I thought that header might get a lot of attention, but it really will make some sense to you by the end of this post. This week, a patient of mine died on my shift. I’ve only had a handful of MY patients die on my shift while I was taking care of them. Of course, deaths are expected in the hospital, but for nurses, it comes only a few times when you are THE actual nurse taking care of that patient. Many of our patients die, but not necessarily on my shift while I am their nurse. They may have died in the nursing home or in the emergency room or maybe they died in the ICU. God works in mysterious ways, I guess. Even though there are countless deaths that surround the nursing profession, he spreads the burden of those deaths through many nurses before it hits you again. I’ve had to place a body in a bag less than 5 times in the almost 8 years I’ve been a nurse. More than half of those personal deaths I’ve had was actually related to lung cancer. They didn’t die from complications of lung cancer (such as cancers from other parts of their body), but they actually suffer through suffocating to death. They go through the act of not being able to breath anymore and you see the terror in their eyes as their families watch in terror. I don’t know why that is, but I’ve had it happen three times, and all in the same manner. The only difference is the reactions of the families.
My patient from this week was DNR, which means Do Not Resuscitate. He was young. He left behind a wife, three kids and all his extended family. It was too late when he quit. He died of lung cancer after almost a year battling it with chemotherapy and all the problems that come with it. He had been smoking for almost thirty years. The day that it happened, he was fine. He was walking and talking just fine. There was even talks of going home the next day. It was another battle fought. Then that golden hour when it just suddenly happens hits them. I knew it was going to happen the moment he said he was having a hard time breathing and I was heartbroken. There is that look in the patients eyes and then that look of hope in their families’ eyes. It’s so weird, but it’s always been the same.
I guess my point is to say that smoking does the body no good. It is obviously a drug that keeps you wanting it and craving it. Do I judge people and hate people for smoking? Of course not. Do I preach people and tell people not to smoke? Of course I do- but only if you are my patient that I am taking care of at the hospital. Have I gone out with co-workers for smoke breaks? Of course I have. Do I have friends that smoke? YES I DO! Just because I feel that it is not healthy does not mean that I preach people about it because it is not my place. I LOVE BACON FAT, but I would be extremely annoyed if my friends told me to stop eating it because it is unhealthy for me. We’ve been told in school growing up to say no to drugs because of all the harmful things they do. We’ve been told not to eat fat because it clogs up your arteries and cause heart problems. We know that if we eat too much of anything unhealthy, we’ll be unhealthy. Too much fatty foods make you fat. One plus one is two and so forth. Smoking has been accepted in our culture. Maybe many people are really not that aware of their risks. I’m not here to tell you to quit smoking, but I think if you were well informed, it might help you make better choices in life. Just like you choose not to eat bacon fat every day of the week, you can choose the healthy route and cut back on your smoking. If this helps even one person to quit or try to quit, then I have done my piece. If not, I don’t judge. I’ll eat my bacon and you can have your smokes!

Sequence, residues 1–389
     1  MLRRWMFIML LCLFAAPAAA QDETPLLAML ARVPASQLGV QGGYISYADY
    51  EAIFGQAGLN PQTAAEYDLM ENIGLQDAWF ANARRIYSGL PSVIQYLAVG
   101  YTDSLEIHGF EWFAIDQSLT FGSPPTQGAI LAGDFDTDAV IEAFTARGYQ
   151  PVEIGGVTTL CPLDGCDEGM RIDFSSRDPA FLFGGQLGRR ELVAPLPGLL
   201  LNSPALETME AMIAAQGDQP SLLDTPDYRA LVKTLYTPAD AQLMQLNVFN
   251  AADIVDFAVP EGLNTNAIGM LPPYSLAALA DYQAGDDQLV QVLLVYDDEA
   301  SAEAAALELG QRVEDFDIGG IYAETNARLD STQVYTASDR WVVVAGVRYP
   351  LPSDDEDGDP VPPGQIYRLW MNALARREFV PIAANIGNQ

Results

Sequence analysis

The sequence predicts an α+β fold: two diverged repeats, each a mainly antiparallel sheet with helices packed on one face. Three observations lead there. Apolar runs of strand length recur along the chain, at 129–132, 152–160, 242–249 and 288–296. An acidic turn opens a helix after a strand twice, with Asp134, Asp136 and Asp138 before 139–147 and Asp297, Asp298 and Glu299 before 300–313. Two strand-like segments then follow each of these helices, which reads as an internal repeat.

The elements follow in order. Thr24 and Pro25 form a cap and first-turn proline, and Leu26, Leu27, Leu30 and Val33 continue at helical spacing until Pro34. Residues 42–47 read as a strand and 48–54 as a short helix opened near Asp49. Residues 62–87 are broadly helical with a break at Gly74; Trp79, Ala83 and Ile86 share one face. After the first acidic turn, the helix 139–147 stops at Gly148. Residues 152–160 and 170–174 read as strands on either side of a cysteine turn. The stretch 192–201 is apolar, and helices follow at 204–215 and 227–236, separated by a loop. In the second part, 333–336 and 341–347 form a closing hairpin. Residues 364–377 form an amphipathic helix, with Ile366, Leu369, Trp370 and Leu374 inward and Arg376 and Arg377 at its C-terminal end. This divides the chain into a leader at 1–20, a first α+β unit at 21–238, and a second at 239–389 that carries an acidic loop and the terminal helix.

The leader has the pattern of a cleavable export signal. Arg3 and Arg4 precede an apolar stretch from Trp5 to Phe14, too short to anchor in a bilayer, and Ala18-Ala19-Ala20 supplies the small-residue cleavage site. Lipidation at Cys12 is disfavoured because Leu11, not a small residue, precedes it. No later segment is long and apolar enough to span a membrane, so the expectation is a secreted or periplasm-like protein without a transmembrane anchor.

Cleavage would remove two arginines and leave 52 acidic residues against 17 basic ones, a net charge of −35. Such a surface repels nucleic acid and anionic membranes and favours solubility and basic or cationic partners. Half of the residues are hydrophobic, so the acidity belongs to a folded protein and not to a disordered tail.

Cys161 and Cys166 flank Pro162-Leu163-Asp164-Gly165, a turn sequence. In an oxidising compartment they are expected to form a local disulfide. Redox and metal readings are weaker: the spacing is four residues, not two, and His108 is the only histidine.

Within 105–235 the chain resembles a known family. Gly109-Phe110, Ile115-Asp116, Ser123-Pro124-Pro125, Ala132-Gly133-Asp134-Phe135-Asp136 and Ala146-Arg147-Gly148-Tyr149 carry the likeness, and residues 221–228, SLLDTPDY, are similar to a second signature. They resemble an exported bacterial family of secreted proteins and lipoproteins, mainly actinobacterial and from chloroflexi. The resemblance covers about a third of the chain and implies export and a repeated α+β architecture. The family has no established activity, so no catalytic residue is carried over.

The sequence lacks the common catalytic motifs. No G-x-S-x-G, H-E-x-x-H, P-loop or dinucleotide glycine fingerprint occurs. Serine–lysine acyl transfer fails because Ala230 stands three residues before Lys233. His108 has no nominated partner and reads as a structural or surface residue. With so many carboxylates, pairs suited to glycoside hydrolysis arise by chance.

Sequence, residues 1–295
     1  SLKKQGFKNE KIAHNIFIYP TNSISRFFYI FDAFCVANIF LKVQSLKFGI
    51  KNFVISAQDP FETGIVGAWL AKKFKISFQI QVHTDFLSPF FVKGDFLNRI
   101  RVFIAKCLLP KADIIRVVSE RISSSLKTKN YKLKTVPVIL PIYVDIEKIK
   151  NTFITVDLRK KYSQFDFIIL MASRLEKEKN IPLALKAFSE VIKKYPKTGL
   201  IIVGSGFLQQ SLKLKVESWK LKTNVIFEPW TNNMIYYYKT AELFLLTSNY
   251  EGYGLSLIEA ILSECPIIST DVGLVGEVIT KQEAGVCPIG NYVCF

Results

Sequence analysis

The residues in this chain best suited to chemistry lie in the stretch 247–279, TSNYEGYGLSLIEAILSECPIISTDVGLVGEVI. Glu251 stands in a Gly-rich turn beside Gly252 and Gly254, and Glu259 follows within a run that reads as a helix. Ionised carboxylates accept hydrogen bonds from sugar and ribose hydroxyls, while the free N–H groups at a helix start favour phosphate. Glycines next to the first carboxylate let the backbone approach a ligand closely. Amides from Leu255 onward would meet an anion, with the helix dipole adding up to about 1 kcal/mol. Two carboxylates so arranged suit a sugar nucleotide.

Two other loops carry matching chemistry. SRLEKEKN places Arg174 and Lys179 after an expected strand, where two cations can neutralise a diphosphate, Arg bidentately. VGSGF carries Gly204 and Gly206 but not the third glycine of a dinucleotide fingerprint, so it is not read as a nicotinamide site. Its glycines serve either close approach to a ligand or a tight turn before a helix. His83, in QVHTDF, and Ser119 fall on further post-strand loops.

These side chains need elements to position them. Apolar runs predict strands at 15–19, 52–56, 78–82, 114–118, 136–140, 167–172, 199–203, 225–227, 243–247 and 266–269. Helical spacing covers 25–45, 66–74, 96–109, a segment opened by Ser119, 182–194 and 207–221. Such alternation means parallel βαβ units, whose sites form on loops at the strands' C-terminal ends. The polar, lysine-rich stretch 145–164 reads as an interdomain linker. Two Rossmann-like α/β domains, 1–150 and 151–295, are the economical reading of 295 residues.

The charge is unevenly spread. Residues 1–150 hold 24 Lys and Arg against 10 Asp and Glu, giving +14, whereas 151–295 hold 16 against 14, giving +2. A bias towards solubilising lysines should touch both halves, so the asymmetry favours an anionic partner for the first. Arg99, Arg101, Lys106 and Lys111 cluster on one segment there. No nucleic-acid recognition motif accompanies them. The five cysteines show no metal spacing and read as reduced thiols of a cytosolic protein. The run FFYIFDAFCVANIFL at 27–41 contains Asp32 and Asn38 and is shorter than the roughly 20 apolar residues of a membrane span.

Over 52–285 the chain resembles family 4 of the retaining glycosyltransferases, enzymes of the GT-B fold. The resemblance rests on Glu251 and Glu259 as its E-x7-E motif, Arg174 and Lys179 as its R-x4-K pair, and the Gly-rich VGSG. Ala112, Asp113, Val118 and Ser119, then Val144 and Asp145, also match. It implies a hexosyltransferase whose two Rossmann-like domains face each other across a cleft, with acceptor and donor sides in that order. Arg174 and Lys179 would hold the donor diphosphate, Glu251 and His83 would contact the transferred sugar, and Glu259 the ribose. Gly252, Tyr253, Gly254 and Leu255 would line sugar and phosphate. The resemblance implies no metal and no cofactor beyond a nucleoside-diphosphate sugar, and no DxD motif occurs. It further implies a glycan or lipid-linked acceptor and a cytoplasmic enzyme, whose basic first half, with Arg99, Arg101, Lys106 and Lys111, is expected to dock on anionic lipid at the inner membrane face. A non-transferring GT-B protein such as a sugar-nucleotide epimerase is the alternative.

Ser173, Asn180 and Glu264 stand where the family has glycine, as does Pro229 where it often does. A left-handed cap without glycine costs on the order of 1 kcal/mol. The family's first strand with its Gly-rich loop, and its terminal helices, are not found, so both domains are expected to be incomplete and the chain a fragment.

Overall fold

Here is some of the information I pass on to my patients from our pamphlets at my hospital about what happens almost immediately after you stop smoking! There is also a good video right after my post for all of your guys who prefer a visual. Okay. That’s my good deed for the year! Now if only I can quit eating unhealthy food every other day, I’d be set!
This is what happens after you stop smoking…
20 MINUTES AFTER: Blood pressure and pulse rate drop. The circulation to your hands and feet return to normal.
8 HOURS AFTER: Carbon monoxide level in blood drops to about half and oxygen level increases to normal.
24 HOURS AFTER: The chance of a heart attack decreases because your blood pressure has started to return to normal. You are also richer and healthier.
36 HOURS AFTER: Carbon Monoxide residue should be cleared from your system.
48 HOURS AFTER: Nerve endings start to regrow and the ability to smell and taste is enhanced.
2 WEEKS TO THREE MONTHS AFTER: Circulation improves and lung function increases. Your immune system is also a whole lot better at fighting off disease and sickness. You are on your way to a healthier you.
ONE YEAR AFTER: Excess risk of coronary heart disease decrease to half that of a smoker.
TEN YEARS AFTER: Risk of lung cancer (or mouth, throat, esophageal or pancreatic cancer) drops to as little as half that of continuing smokers.